The Gear

Gear selection was critical for our successful circumnavigation of Lake Baikal. Dressing for extreme cold and high intensity activities, what bike to use,or what kind of stove to use was not easy. Below is a description of some of the gear we used. Soon we will be adding description and pictures of modifications we made to existing gear to fit our specifications and specific use.

Our gear selection

On our feet

Smartwool Mountaineering Extra sock

Kamik Cody winter boot rated to -100F/ -74C 

Evaluation –

The Smartwool socks were simply amazing.  These socks dealt with cold temperatures, moisture, and day after day use better than any sock we had ever used.   A true life saver. 

The Kamik Cody boot was plenty warm, but one member of the team used the Kamik Nationplus boot, which is rated at -40F/-40C, and got frostbite on one of his toes.  Our experience suggests that the Nationplus boot is not properly insulated for the rating it receives. 

On our legs

Smartwool Midweight NTS Bottom 100% Merino wool

First Ascent (Eddie Bauer line) Mountain Guide Pants

First Ascent (Eddie Bauer line) Igniter pants 

Evaluation –

Smartwool baselayers are unbeatable.  Our team has experience using base layers from all the major manufacturers in all conditions and we can emphatically state without exception the Smartwool baselayers outperformed everything we have ever used in moisture management, insulation properties, and day after day comfort and durability.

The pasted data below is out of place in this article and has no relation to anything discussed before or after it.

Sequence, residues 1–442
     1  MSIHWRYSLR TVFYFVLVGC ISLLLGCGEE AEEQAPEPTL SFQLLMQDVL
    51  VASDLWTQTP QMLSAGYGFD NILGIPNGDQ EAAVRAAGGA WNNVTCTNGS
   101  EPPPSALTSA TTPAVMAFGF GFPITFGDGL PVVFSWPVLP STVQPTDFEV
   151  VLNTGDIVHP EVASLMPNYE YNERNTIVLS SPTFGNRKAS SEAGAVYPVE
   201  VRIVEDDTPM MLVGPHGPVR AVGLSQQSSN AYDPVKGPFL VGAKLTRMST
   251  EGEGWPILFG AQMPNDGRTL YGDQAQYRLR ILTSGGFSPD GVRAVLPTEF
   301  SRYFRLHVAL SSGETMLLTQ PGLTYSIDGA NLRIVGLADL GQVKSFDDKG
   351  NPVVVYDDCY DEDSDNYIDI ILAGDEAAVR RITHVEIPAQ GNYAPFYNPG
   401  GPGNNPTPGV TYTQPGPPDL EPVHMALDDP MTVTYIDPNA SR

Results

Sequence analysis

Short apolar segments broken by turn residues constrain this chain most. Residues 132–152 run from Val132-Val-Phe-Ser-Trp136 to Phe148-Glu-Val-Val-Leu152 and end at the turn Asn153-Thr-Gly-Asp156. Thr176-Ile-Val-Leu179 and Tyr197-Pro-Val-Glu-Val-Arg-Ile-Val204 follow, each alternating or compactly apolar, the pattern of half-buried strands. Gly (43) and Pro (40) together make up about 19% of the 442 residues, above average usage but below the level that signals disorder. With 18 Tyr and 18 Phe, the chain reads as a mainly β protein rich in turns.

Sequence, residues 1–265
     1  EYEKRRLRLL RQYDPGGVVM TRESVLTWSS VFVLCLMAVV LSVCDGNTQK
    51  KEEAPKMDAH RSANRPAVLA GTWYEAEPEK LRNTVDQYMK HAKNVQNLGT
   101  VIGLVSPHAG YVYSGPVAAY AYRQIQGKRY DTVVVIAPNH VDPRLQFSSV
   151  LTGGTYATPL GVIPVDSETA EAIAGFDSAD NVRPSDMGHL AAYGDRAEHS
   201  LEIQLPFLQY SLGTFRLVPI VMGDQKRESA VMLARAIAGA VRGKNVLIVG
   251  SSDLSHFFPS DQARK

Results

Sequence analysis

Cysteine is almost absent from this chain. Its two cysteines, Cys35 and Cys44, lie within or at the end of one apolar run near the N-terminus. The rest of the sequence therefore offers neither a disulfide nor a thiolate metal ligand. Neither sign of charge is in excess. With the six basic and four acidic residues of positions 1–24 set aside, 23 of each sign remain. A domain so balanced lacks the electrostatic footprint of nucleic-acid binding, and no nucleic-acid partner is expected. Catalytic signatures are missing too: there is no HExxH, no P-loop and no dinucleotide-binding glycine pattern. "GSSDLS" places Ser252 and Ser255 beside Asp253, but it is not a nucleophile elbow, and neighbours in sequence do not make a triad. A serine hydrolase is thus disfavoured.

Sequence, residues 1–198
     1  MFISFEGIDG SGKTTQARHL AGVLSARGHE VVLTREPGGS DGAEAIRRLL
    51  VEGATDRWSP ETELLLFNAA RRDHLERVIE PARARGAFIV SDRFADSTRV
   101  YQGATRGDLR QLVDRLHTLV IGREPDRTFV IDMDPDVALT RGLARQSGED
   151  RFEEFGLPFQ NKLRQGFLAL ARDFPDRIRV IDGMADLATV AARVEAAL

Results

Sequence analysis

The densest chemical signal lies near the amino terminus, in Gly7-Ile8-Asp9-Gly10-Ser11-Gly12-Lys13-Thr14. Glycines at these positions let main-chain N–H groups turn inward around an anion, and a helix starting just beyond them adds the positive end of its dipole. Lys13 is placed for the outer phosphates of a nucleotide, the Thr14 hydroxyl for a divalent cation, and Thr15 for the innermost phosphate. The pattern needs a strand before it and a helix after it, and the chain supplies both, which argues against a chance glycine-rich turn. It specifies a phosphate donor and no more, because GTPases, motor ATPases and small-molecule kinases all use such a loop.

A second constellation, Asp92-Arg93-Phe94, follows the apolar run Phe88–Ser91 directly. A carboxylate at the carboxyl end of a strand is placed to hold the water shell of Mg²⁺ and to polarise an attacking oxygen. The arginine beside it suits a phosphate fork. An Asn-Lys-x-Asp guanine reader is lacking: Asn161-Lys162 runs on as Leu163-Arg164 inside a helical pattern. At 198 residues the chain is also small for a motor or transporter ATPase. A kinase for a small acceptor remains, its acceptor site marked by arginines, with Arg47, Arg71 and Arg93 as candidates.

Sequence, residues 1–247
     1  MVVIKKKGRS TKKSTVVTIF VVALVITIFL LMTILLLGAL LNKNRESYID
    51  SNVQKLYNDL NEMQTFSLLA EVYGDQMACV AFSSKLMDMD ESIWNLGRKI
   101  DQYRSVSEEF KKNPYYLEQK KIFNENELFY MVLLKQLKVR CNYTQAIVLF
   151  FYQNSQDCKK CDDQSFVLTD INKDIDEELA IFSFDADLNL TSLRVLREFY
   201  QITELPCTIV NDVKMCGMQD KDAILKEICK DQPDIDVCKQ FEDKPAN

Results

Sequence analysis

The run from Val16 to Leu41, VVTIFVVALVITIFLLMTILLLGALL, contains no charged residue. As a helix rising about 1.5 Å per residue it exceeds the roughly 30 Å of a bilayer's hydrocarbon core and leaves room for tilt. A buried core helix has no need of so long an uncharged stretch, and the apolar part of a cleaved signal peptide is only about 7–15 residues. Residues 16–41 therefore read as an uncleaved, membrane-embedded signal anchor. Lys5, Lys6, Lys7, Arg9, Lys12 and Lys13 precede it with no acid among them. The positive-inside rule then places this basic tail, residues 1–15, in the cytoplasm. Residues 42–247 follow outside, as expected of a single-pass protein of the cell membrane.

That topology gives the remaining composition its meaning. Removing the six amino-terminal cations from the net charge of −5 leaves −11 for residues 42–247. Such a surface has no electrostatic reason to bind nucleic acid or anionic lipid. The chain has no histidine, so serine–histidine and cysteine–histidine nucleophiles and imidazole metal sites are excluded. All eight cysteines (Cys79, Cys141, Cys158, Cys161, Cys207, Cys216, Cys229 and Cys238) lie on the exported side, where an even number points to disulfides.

The First Ascent Mountain Guide Pants were a piece of highly valued gear.  The Schoeller fabric was all-weather resistant, durable, comfortable, and non-binding while cycling.  We lived in these pants the entire trip and were consistently impressed with their performance in all conditions: temperatures down to -40 degrees, driving snow, high winds, and repeated falls on abrasive ice and snow.  These pants are reliable all-around performers.

The First Ascent Igniter Pants were exactly what we needed for staying warm at night after a long day of riding.  We slipped these Primaloft pants on right over the Mountain Guide Pants for instant insulation and protection from biting cold and wind.  These pants kept us warm on the coldest nights and eased the transition from sleeping bag to frozen environment each morning.  The reinforced knees allowed us to kneel on the abrasive ice to perform tasks without worrying about tearing a hole in our pants.  A great piece of gear. 

On our torsos

Smartwool Midweight NTS Top 100% Merino wool

First Ascent (Eddie Bauer line) Point Success Jacket – midlayer Polartec Power Stretch

First Ascent (Eddie Bauer line) Frontpoint Jacket – outer layer hardshell and softshell combination

First Ascent (Eddie Bauer line) Igniter Jacket – outer layer Primaloft insulation

First Ascent (Eddie Bauer line) Peak XV Down Jacket – outer layer 850 down insulation 

Evaluation –

What more can be said about Smartwool baselayers?  They are the best.  The tops work just as well as the bottoms and the socks.  Some of us prefer the crew neck, others the zipper.  I wore one shirt the entire 35 days, taking it off only for the rare occasion of a shower or banya, and I never had the feeling that our relationship had reached that strained painful state that so often signifies the end.  Of course, the shirt could have a different story to tell…   

The First Ascent Point Success Jacket is a warm and versatile midlayer that performs well against wind and moderate cold.  When the temperatures were at their warmest we were able to ride in just a Smartwool baselayer and this jacket.  It has a great zippered chest pocket that works well for an Ipod or a Clif Bar, and a full-length zippered neck that keeps out cold.  It deals well with moisture and has a wide range of motion despite the slim fit that allows it to be so successfully layered under the Frontpoint Jacket or the Igniter Jacket.  The Point Success Jacket was a critical piece of the layering system that kept us dry and warm day after day.